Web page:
The novel's primary flaw, which renders it merely a good read rather than a great one, is that little to no time is spent on character development; for the most part the characters are rather flat and lifeless, merely pawns used to drive the plot; also, the action sequences are rather pedestrian and lackluster—like the sterile recounting of a surgical procedure. But several narrative threads are skillfully woven together in presenting this intricate and thought-provoking plot, and when everything comes together in the end, all the possibilities brought up in the novel feel resolved.

All in all, an elaborately-reasoned temporal tale—a novelized thought experiment whose logic and ideas Socrates would have approved of.

In the Eye of Heaven by David Keck
Tor, 2006, $25.95

Durand is the son of a baron, but not being the firstborn, he's out of luck when it comes to an inheritance.  However, one of the baron's vassals is dying and without an heir, so once Durand becomes a knight, he is due to inherit this land.  But when the vassal's long-lost son unexpectedly returns, Durand's hopes are dashed and his 14 years of preparation are rendered worthless. With no other options, Durand sets out for a life of knight-errantry.  He soon becomes embroiled a long-brewing conflict between man and an ancient race known as the Banished, and finds himself in the position of possibly being humanity's best hope for winning the battle.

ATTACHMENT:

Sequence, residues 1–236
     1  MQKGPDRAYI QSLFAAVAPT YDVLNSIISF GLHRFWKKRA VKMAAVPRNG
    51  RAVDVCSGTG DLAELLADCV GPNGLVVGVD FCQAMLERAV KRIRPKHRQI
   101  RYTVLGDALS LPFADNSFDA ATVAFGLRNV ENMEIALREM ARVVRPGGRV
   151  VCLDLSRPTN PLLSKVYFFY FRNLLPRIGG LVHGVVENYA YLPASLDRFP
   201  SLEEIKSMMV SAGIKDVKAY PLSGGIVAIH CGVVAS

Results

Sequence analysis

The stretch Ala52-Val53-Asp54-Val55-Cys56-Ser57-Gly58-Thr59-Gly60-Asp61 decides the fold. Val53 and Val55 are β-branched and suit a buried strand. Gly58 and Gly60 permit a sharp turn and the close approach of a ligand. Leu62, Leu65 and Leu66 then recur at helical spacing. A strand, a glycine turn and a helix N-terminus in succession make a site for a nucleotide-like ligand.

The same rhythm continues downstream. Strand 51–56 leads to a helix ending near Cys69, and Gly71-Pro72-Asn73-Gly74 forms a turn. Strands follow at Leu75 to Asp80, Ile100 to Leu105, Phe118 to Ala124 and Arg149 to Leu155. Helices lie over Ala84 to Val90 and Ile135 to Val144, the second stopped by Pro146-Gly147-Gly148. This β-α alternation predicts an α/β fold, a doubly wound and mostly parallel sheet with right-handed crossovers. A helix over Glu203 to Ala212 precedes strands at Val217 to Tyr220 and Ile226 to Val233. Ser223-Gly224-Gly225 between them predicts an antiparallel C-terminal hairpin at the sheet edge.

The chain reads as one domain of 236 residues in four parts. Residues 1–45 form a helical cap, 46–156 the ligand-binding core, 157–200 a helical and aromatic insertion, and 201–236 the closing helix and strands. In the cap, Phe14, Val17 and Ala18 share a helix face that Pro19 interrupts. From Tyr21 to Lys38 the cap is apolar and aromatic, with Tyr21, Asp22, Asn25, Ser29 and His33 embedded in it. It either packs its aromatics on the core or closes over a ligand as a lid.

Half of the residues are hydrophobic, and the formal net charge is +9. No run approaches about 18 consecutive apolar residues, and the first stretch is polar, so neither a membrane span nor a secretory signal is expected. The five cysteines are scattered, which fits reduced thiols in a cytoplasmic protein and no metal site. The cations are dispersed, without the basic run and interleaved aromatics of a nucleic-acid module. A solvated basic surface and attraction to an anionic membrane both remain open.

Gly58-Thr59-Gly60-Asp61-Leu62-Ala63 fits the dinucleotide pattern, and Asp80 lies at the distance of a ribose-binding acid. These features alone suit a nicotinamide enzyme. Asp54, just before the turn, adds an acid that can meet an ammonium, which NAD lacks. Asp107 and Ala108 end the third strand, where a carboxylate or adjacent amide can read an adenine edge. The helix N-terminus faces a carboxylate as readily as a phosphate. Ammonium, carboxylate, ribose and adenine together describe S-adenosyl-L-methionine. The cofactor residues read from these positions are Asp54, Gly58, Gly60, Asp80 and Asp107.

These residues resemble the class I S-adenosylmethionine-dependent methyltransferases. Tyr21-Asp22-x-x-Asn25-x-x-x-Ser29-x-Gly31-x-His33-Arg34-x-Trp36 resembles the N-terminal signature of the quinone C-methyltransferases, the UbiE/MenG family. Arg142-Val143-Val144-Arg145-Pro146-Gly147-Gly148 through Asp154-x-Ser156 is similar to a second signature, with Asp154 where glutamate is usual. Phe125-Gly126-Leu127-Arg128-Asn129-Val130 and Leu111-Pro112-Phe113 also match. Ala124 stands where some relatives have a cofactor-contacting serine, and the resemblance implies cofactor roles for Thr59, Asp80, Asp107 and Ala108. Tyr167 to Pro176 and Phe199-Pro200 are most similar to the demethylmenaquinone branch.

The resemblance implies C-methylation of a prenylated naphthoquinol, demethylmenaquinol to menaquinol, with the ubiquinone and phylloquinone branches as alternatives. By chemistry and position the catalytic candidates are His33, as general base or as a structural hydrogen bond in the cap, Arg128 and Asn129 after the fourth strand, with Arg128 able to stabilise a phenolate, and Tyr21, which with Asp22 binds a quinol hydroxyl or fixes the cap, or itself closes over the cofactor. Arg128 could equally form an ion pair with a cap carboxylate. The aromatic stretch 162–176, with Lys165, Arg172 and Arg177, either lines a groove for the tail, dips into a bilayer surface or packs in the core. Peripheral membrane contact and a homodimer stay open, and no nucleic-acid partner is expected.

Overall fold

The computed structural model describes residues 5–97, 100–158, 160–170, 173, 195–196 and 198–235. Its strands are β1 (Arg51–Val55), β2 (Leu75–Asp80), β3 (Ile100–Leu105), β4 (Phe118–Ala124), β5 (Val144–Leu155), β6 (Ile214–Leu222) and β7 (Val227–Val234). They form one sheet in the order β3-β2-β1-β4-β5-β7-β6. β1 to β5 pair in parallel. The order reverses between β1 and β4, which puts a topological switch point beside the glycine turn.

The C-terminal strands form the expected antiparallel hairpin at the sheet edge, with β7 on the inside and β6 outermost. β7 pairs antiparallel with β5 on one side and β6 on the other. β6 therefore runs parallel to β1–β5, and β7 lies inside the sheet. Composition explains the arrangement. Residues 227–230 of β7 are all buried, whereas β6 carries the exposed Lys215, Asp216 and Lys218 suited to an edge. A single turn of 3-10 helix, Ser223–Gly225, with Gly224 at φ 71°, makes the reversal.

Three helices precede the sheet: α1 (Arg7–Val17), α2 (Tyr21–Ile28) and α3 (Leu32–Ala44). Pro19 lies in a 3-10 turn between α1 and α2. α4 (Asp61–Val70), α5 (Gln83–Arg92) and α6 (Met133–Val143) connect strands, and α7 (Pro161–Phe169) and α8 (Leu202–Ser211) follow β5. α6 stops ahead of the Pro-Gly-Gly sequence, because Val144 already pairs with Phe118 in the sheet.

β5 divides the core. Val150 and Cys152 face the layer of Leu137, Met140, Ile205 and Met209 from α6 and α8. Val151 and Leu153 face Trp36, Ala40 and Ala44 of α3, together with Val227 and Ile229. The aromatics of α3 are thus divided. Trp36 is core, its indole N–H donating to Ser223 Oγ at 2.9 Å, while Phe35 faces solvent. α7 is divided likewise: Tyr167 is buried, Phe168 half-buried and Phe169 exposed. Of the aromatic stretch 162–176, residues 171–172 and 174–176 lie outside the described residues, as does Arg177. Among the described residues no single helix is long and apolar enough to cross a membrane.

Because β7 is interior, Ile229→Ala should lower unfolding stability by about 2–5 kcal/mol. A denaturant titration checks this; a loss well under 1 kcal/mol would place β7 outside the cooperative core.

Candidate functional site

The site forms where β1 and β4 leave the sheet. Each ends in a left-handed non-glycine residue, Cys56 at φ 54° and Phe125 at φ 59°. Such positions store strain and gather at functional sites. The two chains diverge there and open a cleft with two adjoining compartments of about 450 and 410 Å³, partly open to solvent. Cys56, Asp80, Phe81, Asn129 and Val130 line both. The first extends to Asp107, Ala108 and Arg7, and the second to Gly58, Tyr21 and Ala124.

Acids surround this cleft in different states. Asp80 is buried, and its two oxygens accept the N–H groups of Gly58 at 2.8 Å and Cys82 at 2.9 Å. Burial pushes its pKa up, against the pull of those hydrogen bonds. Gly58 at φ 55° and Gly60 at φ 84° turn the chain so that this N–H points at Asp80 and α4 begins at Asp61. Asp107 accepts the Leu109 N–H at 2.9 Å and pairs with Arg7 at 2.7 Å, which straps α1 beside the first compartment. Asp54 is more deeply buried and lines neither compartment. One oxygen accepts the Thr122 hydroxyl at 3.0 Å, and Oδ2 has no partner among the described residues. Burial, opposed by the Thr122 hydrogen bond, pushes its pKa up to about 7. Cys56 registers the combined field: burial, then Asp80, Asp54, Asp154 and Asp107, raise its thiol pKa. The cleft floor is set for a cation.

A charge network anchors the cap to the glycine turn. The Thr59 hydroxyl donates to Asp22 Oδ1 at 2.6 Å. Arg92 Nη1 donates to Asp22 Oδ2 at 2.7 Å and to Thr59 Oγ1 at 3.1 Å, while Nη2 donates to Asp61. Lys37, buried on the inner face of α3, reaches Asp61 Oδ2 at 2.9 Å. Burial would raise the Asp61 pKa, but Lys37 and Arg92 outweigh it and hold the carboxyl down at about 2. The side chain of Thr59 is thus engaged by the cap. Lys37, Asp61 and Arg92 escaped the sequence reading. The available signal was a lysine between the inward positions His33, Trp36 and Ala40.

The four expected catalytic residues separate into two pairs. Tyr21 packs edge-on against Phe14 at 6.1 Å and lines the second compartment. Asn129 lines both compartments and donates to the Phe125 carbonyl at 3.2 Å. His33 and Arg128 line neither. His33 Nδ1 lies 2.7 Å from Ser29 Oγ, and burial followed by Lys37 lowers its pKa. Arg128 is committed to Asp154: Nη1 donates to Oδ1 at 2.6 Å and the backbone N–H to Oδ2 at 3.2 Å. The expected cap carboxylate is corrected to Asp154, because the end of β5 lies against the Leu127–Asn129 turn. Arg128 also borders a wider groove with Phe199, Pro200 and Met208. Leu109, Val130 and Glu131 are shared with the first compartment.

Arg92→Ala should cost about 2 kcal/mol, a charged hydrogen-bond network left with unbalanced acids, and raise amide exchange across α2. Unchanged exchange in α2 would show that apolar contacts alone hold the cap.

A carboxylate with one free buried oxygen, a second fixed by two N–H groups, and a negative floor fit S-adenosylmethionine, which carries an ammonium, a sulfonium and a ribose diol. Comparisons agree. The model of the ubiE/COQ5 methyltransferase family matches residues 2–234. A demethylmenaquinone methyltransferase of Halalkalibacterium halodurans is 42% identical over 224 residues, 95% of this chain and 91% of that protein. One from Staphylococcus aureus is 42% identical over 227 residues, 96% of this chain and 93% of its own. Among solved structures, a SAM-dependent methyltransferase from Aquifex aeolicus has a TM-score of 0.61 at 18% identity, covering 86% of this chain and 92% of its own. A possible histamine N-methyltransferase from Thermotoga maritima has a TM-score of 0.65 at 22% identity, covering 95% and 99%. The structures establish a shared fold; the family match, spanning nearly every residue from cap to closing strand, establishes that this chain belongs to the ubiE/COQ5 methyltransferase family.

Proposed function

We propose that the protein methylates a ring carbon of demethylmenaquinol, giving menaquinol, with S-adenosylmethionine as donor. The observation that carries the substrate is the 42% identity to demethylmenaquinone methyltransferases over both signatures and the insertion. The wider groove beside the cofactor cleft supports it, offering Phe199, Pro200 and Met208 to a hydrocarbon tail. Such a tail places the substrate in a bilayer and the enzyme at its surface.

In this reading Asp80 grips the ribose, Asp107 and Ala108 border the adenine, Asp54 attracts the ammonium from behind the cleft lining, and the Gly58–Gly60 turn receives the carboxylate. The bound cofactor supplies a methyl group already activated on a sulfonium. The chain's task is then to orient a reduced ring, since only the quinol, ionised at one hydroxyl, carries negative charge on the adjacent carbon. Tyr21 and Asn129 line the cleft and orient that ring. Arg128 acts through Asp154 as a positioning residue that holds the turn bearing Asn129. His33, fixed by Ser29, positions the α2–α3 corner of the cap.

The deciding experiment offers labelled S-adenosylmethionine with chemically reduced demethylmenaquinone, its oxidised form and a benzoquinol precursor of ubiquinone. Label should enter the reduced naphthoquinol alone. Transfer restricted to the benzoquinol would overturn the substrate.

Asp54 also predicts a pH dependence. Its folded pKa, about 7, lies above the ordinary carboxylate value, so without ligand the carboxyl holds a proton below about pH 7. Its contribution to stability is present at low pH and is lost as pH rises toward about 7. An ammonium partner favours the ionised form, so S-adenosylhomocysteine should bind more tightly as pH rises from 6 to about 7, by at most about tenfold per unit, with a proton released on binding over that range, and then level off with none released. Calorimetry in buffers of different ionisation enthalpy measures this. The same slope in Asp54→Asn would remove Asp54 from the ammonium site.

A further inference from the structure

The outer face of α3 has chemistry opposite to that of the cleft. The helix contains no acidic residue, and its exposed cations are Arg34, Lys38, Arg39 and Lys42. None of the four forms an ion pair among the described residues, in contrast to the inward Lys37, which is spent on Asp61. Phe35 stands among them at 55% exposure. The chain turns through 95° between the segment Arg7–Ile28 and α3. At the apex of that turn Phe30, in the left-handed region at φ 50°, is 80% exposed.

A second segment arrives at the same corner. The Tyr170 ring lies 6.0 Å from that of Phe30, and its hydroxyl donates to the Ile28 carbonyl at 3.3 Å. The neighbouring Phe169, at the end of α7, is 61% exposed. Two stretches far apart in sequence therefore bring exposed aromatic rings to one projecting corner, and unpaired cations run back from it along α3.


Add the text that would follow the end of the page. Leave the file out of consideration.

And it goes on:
The richly-developed characters are the highlight of the novel. Durand, in particular, emerges as a memorable hero, and the Banished serve as an unsettling and serviceable foil. Unlike many fantasy heroes, Durand does not rely only on his physical prowess; he's a thinking, intelligent warrior whose mind is as sharp as his sword.

Though the fantasy world portrayed here is not exceedingly original, the world-building is praise-worthy despite this, as the author succeeds quite well in making this other-world come alive for the reader.  Keck's prose, meanwhile, is tight and lean despite this being his first novel, although the characters' constant fantasy-swearing ("Host of Heaven!") does get a bit repetitious.